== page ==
Military


TB-29 Thin Line Towed Array

The TB-29 submarine thin-line towed array is a Commercial Off-The-Shelf version of the legacy TB-29 towed array. These arrays will be used for back-fit on Los Angeles (SSN-688 and SSN-688I) submarines and forward-fit on the Virginia (SSN-774) class. Compared with the legacy array, the TB-29 uses COTS telemetry to significantly reduce the unit cost while maintaining equivalent array performance. Technical and Operational Evaluations are scheduled for FY 2001. The first three arrays will be delivered to the Fleet in FY 2002.

The AN/BQQ-5E sonar with the TB-29 towed array and Combat Control System (CCS) Mk 2, known collectively as the QE-2 System, provides a functionally equivalent system for the Los Angeles (SSN-688) and Ohio (SSBN-726)-class submarines. Enhancements include increases in acoustic performance, improved combat control capabilities and replacement of obsolete equipment.

Towed array technology has advanced rapidly with longer, multiline systems that have an increasing number of sensors for submarine-based ASW. The TB-29 is longer than the thin-line TB-23 and has a sensor location system. It is now available on a few platforms and will be deployed on the Seawolf and the nuclear-powered attack submarine, new version (NSSN). It will be the operational submarine-towed array for the foreseeable future. Many existing Navy tow cable systems have single coaxial conductors, one to two kilometers in length, on which power, uplink data, and downlink data are multiplexed (e.g. SQR-19, TB-23, TB-29). These systems typically run at uplink data rates of less than 12 Mbit/s due to bandwidth limitations of the long coaxial cable.

The Submarine Force is making significant, rapid improvements on our acoustic sensors and processing. In real-world exercises and operations, both the TB-29 towed array and Advanced Rapid COTs Insertion Sonar system (ARCI) demonstrate the ability to restore a remarkable acoustic advantage to U.S. submarines. Use of COTS in ARCI (and in a modified TB-29 array) results in substantially reduced costs with significantly improved processing capability. For example, each ARCI shipset costs about 20% of1/30 the price of its predecessor, yet improves processing power by an order of magnitude. Improvements in processing power allow the use of powerful new algorithms that resulted in much improved towed array detection ranges in testing to date.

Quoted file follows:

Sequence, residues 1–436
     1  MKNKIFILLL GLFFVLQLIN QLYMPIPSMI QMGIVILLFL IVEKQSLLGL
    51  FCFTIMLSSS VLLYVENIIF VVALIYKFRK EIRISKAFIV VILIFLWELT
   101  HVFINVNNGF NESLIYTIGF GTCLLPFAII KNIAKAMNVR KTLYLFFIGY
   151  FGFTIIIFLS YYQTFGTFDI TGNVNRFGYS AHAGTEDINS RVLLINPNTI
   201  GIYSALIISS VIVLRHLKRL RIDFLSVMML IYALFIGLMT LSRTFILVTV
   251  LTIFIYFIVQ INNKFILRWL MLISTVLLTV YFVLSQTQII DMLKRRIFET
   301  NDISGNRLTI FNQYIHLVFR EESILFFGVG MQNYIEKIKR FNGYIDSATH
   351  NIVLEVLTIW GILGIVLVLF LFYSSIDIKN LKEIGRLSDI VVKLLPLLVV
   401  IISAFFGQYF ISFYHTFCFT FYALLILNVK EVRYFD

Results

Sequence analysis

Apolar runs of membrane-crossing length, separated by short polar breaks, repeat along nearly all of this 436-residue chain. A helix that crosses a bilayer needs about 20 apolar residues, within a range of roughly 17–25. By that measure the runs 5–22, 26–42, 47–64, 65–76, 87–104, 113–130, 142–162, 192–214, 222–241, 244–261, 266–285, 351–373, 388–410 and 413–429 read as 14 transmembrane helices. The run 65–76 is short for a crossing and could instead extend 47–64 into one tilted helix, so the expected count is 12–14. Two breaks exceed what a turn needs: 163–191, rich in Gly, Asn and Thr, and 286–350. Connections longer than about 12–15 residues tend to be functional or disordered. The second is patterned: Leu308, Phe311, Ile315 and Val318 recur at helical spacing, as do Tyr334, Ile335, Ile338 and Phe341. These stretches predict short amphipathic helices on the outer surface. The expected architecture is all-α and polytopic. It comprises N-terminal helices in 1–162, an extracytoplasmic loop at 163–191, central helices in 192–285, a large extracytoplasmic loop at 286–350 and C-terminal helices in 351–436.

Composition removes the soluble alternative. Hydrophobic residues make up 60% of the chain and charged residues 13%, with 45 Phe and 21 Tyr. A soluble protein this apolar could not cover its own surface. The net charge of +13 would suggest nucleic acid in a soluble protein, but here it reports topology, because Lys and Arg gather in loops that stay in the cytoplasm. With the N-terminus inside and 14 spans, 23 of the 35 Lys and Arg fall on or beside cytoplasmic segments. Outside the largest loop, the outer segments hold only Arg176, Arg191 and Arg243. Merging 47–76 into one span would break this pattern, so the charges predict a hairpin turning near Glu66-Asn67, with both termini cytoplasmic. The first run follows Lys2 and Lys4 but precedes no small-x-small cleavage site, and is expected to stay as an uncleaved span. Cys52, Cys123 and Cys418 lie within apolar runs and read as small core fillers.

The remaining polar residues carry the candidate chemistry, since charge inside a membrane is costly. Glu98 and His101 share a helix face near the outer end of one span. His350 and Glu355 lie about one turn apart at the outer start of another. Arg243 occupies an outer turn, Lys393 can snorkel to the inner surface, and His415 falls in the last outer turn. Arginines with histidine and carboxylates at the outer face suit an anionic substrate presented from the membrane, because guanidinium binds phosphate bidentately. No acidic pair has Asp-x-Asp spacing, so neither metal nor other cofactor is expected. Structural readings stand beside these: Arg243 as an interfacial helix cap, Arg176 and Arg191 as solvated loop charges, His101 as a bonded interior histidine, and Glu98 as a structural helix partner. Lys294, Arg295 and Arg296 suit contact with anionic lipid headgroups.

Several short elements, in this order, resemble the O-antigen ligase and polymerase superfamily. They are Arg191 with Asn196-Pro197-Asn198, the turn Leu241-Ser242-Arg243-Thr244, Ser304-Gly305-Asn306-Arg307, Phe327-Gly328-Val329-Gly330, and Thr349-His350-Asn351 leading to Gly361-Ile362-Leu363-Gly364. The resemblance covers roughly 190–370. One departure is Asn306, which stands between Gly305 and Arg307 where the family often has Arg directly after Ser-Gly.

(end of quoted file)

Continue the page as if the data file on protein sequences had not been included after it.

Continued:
Operational beam formers for towed arrays assume the array geometry to be straight and horizontal aft of the tow ship, whereas in reality there is always some deformation from this geometry. This is now measured by heading and depth sensors with varying degrees of success. Recently developed systems such as the TB-29 enable compensation in the beam former. A major limitation in current systems is that beam forming cannot be carried out when the ship is maneuvering, which can result in downtimes as great as 50 percent.

CSS ADE and SFMPL currently utilizes a stiff stick model to estimate towed array position and heading. The newer tactical systems are equipped with sensors to accurately determine towed array position and heading. This information is more accurate than either the chain link or stiff stick models and should be used, when available, to optimize TMA solutions. Other tactical systems utilize the chain link model to more accurately predict towed array behavior.

OPEVAL for AN/BQQ-5E system with the TB-29 Array completed in FY 1998; this system will provide quantum improvements in long-range detection and localization for SSN 688 and SSBN 726 Class Submarines.




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